More On The Fuel Situation

It’s been quite a crazy week… well, actually it all started a couple of weeks ago, but who’s counting anyways, right? As most people already know by now, unless you’ve been living under a rock, Ricky Carmichael has been penalized 25 points for using illegal fuel at San Diego. Apparently, according to the AMA, he was cheating with the quantity of the lead found in his fuel.

As for the fuel rule itself, it was penned nearly three years ago when the AMA adopted the FIM’s regulations for fuel, which they did in order to hold the FIM sanctioned World Supercross Series. Back then, two-strokes were the top choice for most riders, and lead has a definitely performance advantage in two-stroke engines, as it helps boost octane and prevent detonation. In a four-stroke, which is what nearly everyone is riding today, lead isn’t an advantage whatsoever, and oxygen improves performance more than anything. Furthermore, in the sample taken from RC’s bike the oxygen level was well below the AMA’s limit. Now, we don’t know about you, but this ruling just almost doesn’t seem fair. So, we decided to do a little recap on all of the latest happenings to get a better understanding of what happened, and why.

For most people in attendance at the eighth round of the series in Atlanta, RC’s 25-point penalty was a shock. No one had even heard the news until the day the press release came out—Friday February 17th—not even some of the Makita Suzuki personnel. And when everyone arrived at the pits on Saturday, it was a media frenzy to get the scoop.

The morning of the race, team manager Roger DeCoster faced the press in a press conference held outside RC’s semi, and stated the team’s position on the entire situation. Basically, they felt the rule was unfair and unjust—a sentiment held by many. “I think the rule is overly strict,” DeCoster said. “If somewhere along the line there is a lead line, it could leach into the fuel and disqualify you. If you use a funnel that someone used leaded fuel in a week or so ago, it could disqualify you. You almost have to be in space suits and be in a green room to do the tests to avoid any mistakes.” As for RC, he too feels the rule is slanted. “I see a lot of ways that the AMA can improve in this area, because it isn’t fair to the teams, sponsors, and riders,” Ricky said. “I think us riders should stand up. I mean; they’re changing the tracks to make racing better and doing this and that. Why doesn’t the AMA buy the fuel, and we will pull up like NASCAR does and pump the damn fuel into the bike. Then if it comes back failing, someone has been tampering with it between the fuel dump and starting gate, so you know you’re busted.”

DeCoster also went on to say that after the AMA took the sample, he requested another sample for Suzuki to test and compare to the AMA findings. “We test our fuel,” DeCoster said, “and it’s ironic because I asked AMA for a sample of the fuel to test and then we got tested that week. I had not turned in mine to get tested, because I was going to do it the following week.” As for what happened with the sample Suzuki took, we have been hearing rumblings that they have been able to test their own sample that was taken from the same batch as the AMA. We asked DeCoster about this. “We tested the sample that we took from the AMA, and our results are completely different, but in a good way. I can’t say exactly what the level was that we found, because our lawyers say not to. If the AMA doesn’t allow an appeal then we are going to sue them,” DeCoster said. “After Atlanta I spent $5,000 in testing, and had our sample tested by a reputable testing agency that also tests fuel for large companies like Shell and Mobil. We also had all of the fuel tested in our truck, and it was good as well. And recently we sent a new appeal to the AMA by registered mail, so they have to sign it in order to receive it. That way we know if they got it. I think there is so much evidence supporting our side that the AMA almost has to allow our appeal to go through.”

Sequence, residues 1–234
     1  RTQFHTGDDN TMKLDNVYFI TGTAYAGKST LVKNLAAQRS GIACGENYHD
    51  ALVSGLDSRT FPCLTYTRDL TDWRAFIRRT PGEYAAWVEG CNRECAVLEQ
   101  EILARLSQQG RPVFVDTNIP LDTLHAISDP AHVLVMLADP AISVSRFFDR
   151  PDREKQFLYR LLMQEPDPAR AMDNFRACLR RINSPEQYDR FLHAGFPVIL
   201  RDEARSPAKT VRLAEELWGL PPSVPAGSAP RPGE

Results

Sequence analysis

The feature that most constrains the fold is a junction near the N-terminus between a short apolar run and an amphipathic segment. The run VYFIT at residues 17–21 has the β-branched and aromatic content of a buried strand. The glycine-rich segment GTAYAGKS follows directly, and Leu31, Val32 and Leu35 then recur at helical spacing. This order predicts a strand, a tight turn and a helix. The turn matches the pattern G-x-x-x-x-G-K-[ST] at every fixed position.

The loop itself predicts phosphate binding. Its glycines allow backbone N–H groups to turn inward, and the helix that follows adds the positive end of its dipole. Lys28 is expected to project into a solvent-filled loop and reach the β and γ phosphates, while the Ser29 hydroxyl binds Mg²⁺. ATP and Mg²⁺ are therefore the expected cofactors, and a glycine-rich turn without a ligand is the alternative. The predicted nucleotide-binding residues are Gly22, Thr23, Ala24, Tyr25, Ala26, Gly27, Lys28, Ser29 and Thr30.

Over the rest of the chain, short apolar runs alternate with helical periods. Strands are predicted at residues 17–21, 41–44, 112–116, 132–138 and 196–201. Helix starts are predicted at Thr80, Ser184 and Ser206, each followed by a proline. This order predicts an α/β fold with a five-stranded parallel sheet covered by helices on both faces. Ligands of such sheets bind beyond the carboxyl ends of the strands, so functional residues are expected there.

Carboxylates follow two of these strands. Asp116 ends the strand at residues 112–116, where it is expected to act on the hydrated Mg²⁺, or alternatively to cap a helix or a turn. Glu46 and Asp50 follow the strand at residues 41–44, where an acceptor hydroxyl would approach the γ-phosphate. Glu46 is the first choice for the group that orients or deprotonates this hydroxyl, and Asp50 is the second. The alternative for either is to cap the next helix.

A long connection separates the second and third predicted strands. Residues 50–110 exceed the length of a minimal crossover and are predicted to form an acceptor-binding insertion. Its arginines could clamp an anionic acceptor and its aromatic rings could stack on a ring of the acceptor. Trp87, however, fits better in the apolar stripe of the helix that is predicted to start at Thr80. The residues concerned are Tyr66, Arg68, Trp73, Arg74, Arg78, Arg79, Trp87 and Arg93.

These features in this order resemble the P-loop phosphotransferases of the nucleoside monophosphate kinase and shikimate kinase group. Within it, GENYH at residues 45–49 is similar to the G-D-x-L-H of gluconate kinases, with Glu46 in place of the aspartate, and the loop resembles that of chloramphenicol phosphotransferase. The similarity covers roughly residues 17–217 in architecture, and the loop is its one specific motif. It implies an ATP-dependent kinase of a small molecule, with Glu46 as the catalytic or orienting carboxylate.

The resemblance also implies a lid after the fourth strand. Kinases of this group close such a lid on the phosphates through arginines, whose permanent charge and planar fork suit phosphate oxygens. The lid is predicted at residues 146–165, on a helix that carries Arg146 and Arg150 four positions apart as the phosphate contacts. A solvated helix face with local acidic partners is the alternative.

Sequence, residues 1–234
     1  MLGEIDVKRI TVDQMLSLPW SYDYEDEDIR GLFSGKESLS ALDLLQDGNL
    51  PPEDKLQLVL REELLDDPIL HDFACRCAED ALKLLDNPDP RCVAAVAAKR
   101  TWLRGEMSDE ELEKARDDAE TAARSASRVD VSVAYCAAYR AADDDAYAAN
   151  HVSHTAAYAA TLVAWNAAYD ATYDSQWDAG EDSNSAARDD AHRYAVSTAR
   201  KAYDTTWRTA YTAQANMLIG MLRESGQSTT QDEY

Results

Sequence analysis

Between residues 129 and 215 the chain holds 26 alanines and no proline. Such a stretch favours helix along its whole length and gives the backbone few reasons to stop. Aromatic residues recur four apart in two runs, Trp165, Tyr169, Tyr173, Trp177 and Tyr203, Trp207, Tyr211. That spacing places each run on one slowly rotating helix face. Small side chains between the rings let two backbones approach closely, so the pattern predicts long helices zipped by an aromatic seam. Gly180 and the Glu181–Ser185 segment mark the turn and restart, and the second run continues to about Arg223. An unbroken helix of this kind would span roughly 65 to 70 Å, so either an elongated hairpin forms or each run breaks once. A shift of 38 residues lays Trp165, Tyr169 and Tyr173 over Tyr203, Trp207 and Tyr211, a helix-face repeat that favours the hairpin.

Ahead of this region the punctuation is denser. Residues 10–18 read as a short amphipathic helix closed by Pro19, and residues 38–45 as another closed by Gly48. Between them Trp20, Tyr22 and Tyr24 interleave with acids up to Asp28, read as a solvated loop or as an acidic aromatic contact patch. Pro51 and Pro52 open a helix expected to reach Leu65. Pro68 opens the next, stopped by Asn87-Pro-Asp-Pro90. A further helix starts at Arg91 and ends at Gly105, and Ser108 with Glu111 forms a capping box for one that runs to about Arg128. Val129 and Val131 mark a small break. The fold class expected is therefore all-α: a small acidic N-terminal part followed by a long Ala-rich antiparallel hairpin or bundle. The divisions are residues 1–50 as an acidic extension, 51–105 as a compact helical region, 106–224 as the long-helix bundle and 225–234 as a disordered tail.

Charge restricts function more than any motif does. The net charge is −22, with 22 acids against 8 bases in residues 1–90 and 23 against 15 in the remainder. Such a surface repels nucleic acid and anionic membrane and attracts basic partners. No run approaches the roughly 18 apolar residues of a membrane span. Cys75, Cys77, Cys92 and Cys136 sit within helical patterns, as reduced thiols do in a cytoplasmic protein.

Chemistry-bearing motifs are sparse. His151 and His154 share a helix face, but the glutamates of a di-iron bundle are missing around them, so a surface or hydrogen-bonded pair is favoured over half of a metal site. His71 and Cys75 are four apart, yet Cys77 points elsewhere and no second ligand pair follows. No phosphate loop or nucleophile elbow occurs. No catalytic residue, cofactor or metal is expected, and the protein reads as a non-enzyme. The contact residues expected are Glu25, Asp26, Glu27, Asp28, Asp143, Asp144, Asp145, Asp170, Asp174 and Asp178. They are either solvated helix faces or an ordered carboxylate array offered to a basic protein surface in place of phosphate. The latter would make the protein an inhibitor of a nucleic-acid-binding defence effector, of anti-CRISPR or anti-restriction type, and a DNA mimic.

On the AMA front, on Tuesday February 28th they sent out a press release stating that, “Our goal here is to get to the bottom of this ongoing fuel situation, AMA CEO Patti DiPietro said. “The rule on unleaded fuel is clear cut. If the lead content in fuel exceeds 0.005 g/l (grams per litre) it is illegal for competition. This is an objective, easily defined measurement that has been in place for three racing seasons. What concerns us here is that we keep finding fuel that is outside of the rule limits. We expect our competitors to take every possible step to ensure that their equipment is completely within the limits of the rules, but to penalize a competitor for an offense that is completely beyond his or his team’s control is not our purpose.” The AMA also went on to say, that one of their biggest concerns about the entire situation is the fact that it influences the outcome of the series, and that is not something they want. So in simple terms, to be safe they are going to investigate the penalty to be exactly sure it’s warranted.

On a little side note, a day later the message boards began blowing up about a change in the points on the AMA website. Had the AMA reversed the penalty, or just made another mistake? As it turned out, it was another mistake, and within that same day RC was credited back his penalty; however, the AMA took away too many points, yet again making another mistake in the whole situation.

In the end, not much has been decided yet about the penalty, and only time will tell if we will actually see the AMA come to their senses and reverse a penalty that was based on a rule made years ago when motocross bikes were different. So, here’s to hoping for our exciting championship battle to return. We can only hope… and as things happen we’ll keep you up to date.